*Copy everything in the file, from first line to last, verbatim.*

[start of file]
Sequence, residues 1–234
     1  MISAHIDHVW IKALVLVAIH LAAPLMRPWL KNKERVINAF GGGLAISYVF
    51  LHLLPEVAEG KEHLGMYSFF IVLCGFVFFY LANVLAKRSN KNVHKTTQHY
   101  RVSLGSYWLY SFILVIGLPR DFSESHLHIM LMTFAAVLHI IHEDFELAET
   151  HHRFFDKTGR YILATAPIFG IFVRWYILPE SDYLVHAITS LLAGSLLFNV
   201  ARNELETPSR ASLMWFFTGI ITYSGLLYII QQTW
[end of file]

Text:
Sequence, residues 1–234
     1  MISAHIDHVW IKALVLVAIH LAAPLMRPWL KNKERVINAF GGGLAISYVF
    51  LHLLPEVAEG KEHLGMYSFF IVLCGFVFFY LANVLAKRSN KNVHKTTQHY
   101  RVSLGSYWLY SFILVIGLPR DFSESHLHIM LMTFAAVLHI IHEDFELAET
   151  HHRFFDKTGR YILATAPIFG IFVRWYILPE SDYLVHAITS LLAGSLLFNV
   201  ARNELETPSR ASLMWFFTGI ITYSGLLYII QQTW